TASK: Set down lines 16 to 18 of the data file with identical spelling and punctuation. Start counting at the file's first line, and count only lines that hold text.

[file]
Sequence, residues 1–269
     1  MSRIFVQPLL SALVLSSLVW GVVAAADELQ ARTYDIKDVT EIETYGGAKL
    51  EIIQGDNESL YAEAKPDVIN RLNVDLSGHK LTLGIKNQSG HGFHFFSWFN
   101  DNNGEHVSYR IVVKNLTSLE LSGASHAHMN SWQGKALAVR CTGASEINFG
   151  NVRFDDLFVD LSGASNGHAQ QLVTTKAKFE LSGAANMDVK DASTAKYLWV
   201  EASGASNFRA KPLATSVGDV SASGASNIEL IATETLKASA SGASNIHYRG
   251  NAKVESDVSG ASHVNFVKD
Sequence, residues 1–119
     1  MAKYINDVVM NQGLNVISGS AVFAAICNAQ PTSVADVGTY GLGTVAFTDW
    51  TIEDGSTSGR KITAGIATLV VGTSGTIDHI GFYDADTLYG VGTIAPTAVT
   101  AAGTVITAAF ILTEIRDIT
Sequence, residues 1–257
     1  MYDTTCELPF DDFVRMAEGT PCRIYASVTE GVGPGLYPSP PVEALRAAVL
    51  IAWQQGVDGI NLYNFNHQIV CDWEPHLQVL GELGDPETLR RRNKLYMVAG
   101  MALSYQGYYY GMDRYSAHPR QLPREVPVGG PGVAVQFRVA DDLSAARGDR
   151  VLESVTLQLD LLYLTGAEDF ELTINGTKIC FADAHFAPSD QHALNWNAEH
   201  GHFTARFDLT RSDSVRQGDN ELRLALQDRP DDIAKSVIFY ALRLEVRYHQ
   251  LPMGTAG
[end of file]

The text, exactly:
   151  VLESVTLQLD LLYLTGAEDF ELTINGTKIC FADAHFAPSD QHALNWNAEH
   201  GHFTARFDLT RSDSVRQGDN ELRLALQDRP DDIAKSVIFY ALRLEVRYHQ
   251  LPMGTAG